Yesterday I debated Robert Spencer at the Conservative Political Action Committee annual conference in Washington D.C. The debate was aired live on C-Span. Our topic was essentially, Is Islam the Problem? My book The Enemy at Home says no, locating the problem in the way that liberal foreign policy and liberal values projected abroad have strengthened radical Islam and emboldened it to attack us. Spencer's books collectively answer yes, the problem is with Islam itself.
But Islam has been around for 1300 years and the problem of Islamic terrorism is a recent one. How can Islam be to blame? For me the intelligent question is: what is it about Islam today that has made it an incubator of a certain kind of fanaticism and terrorism?
Spencer iwill have none of it. He is part of an influential strain of conservatives who blame the teachings and practice of Islam for producing Islamic terrorism. Since the terrorists do what they do on behalf of Islam, Islam must be the source of their convictions and therefore Islam needs to be examined, denounced and reformed. This is how Spencer thinks we can win the war on terror: by demanding that Muslims stop practicing Islam as it has been practiced since Muhammad.
In arguing his thesis Spencer locates all the violent verses in the Koran and all the hideous deeds performed by Islamic conquerors, especially in their early centuries of irredentist expansion. Then he links these to the words and actions of Khomeini, Bin Laden and today's Islamic radicals. Spencer is an effective polemicist.
But his historical argument is dubious. It emphasizes violent passages in the Koran, while downplaying the passages that urge peace and goodwill. It applies a moral standard to Islamic empires (they didn't give minorities full rights! they reduced Jews and Christians to second class citizens!) that certainly could not be met by the Roman empire or the empires established by the Portuguese, the Spanish, the French and the British. In the Spain of Ferdinand and Isabella, for example, Jews had three choices: convert to Christianity, leave the country, or be killed. No Muslim empire legislated or systematically enforced such a policy toward its religious minorities. Yes, the Koran says "slay the infidels" but no Muslim empire actually did that. For example the Muslims ruled North India for two centuries before they were displaced by the British. The Mughal emperors could have killed the tens of millions of Hindus under their control or at least forced them to become Muslims? They did nothing of the sort.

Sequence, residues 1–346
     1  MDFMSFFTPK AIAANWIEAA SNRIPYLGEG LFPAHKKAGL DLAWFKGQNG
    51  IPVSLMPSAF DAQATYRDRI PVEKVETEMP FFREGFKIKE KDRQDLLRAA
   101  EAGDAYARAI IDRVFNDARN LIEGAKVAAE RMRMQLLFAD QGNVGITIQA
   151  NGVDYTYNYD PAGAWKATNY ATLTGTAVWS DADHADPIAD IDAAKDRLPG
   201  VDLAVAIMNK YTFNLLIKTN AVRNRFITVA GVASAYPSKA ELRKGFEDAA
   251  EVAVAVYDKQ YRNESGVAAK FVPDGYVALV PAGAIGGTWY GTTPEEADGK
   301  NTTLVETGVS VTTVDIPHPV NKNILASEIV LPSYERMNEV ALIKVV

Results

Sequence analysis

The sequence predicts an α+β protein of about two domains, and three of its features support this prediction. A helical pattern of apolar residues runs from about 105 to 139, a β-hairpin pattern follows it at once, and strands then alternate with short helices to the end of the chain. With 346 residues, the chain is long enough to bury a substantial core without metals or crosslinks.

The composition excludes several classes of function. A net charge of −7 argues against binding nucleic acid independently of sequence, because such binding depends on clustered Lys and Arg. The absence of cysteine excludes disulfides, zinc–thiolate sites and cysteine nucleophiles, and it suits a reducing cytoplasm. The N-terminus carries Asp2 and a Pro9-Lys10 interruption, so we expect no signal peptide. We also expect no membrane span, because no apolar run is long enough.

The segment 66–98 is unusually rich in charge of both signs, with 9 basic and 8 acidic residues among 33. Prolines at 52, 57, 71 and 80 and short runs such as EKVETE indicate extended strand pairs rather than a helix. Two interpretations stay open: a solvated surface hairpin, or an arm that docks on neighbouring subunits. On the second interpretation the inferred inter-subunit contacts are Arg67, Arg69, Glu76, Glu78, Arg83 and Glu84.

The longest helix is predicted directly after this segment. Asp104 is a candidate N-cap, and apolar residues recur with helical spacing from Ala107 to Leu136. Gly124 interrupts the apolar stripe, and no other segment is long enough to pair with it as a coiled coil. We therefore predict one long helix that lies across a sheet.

Spencer glibly jumps over entire centuries in linking, say, the savagery of the Ottomans in Constantinople with the savagery of Hezbollah in Lebanon or the Taliban in Afghanistan. How different is Spencer's one-sided reading of Islam from, say, the works of historian Bernard Lewis. Lewis is hardly uncritical of Islam. But he knows that world, speaks the local languages, and exhibits in his work a nuance, judiciousness and balance that, alas, I don't find in Spencer or other conservative Islamophobes.
It is Bin Laden's argument that radical Islam is true Islam. It is Bin Laden's contention that he is doing nothing more than what is commanded in the Koran and the Islamic tradition. And Robert Spencer essentially agress with Bin Laden! Spencer is willing to concede one of the world's great religions--one with more than a billion adherents worldwide--to the murderers of Al Qaeda. At one point in our CPAC debate he asked me to name a traditional Muslim, as if such a creature scarcely exists in the world.
Do we really want to go to war with a billion Muslims? If not, is it realistic to approach the Muslim world with the premise that the only good Muslim is a non-Muslim? Don't all these Western attacks on Islam and the Koran and Muhammad, not to mention Spencer's agreement with Bin Laden that Islam mandates violence and terrorism, have the effect of alienating traditional Muslims and pushing them toward the radical camp? These are my questions for Spencer, and for other conservatives who follow the same line. It's time, I would urge these good folks, to reconsider some basic assumptions. Unfortunately you are part of the reason we are losing this war of ideas.